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Article - Slow down, you are at the museum

Prior to invade the world of culture, the Slow movement came from the world of agriculture. In Rome, in the late 1980s, a demonstration led by journalist Carlo Petrini opposes the opening of a Fast Food restaurant in Piazza di Spagna. What first appeared to be just an isolated event took an unexpected turn with the creation of Slow Food, an international association to promote diversity in food and ecograstronomy.

Since then, the Slow movement has exceeded the boundaries of culinary field. It has seen groundbreacking variations, heading to urbanism, fashion, science, design, tourism ... It has generated a genuine creativity around the idea of ​​slowing down. A special network Cittaslow has even been created to bring together municipalities from around the world wishing to embark on common values: restore a better rhythm of life, more balanced and respectful of citizens' health. Initially, the  main idea is quite simple: the world is going faster everyday. Technological and social changes, the speed has gripped the lifestyles, tearing everything in its path that takes a bit (too) long.

What about art? The museum is, by nature, a place of slowdown. The artwork requires its own temporality. But it is not always easy for a cultural institution to offer the visitor the time required to collect and isolate what makes sense in an exhibition.

The possibility of a truce. This is exactly the purpose of the project being conducted at the Palais de Tokyo in Paris by Carmen Bouyer, a student at the French Ecole Nationale Supérieure des Arts Décoratifs. Un Instant mon petit is a terrace where people can order  drinks, located in the heart of the new spaces of the Palais de Tokyo. Fruit and vegetables supplied by local producers are distributed in a setting where the use of recycled materials can extend the life of things. It does not create a new restaurant area in the museum, but provides the necessary time, in full visit, for a rebuild.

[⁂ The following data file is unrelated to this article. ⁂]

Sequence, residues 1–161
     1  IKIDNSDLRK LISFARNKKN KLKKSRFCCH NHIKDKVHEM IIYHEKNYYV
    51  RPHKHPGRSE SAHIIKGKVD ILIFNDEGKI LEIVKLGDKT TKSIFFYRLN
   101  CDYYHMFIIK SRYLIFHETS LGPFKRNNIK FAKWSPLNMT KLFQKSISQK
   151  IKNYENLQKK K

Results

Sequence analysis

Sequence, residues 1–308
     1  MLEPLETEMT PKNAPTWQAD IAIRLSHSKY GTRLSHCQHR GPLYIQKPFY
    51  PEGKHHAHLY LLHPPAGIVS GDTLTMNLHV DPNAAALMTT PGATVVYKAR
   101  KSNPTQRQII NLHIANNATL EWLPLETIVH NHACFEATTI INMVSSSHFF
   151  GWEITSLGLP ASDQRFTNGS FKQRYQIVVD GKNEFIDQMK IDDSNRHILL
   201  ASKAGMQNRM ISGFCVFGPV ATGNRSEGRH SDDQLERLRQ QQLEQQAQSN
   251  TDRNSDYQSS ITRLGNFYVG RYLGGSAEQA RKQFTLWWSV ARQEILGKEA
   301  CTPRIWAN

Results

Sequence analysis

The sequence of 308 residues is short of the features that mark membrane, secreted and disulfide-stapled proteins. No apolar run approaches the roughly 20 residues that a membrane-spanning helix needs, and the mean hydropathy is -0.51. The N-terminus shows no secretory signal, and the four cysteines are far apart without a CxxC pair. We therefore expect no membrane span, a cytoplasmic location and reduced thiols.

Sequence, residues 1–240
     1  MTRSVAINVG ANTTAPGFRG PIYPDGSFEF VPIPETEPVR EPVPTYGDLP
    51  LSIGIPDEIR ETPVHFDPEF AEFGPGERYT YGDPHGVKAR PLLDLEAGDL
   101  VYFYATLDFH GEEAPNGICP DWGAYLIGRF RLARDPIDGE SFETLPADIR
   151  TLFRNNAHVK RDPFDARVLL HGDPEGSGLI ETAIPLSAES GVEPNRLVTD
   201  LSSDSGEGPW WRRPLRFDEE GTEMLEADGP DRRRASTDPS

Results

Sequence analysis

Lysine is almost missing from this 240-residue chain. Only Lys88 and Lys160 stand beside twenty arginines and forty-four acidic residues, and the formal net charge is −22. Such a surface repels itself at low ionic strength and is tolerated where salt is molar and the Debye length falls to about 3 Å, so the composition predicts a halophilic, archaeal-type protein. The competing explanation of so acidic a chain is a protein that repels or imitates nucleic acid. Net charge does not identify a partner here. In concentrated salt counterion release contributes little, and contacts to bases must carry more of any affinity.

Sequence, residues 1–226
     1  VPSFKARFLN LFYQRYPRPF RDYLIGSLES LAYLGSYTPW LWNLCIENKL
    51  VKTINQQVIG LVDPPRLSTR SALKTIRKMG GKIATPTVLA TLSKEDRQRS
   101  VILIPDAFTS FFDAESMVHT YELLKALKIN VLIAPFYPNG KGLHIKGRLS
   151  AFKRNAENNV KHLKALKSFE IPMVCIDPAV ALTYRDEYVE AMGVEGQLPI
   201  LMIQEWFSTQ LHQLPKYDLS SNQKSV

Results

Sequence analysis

This project combines environmental vision and a Slow aesthetic. It is not without a certain poetry, while the staging evokes the tranquility of The Gleaners by Millet or Van Gogh's The meridian.

Arranged between archaism and wood found on the construction site of the new Palais de Tokyo, solids and letters by hand, frame shop and flavor of fresh food from the garden of the Ile de France area, Un Instant mon petit is built as a boat to take off.
Expression of a joyous activism around natural know-how, appetizers, words and practices shared between farmers and urban artists, Un Instant mon petit is inspired by community gardens, promoting economy of means and collective work. It just confronts those values with art and design processes to create autonomous and hand-made works and make this place available to the wildest imaginations that tell environment-friendly stories. It overlooks the exhibitions at the Palais de Tokyo and thus allows the visitor to settle for a moment, unhurried by the succession of rooms.

How to give the visitor more time for the reception of artworks? Unlike some wrong ideas of the Slow movement, new technologies do not always produce acceleration. Online museums for example, are the promise of a visit without any time constraint. The Google Art Project, with its 30,000 artworks online, allow us to no longer visit museums as fast-art consumers and erect a new ritual of viewing works where time suspends his last flight.

A contribution of Paul Rhoné, in the framework of the partership with Sciences Po

Credits: poster of "Un Instant mon petit"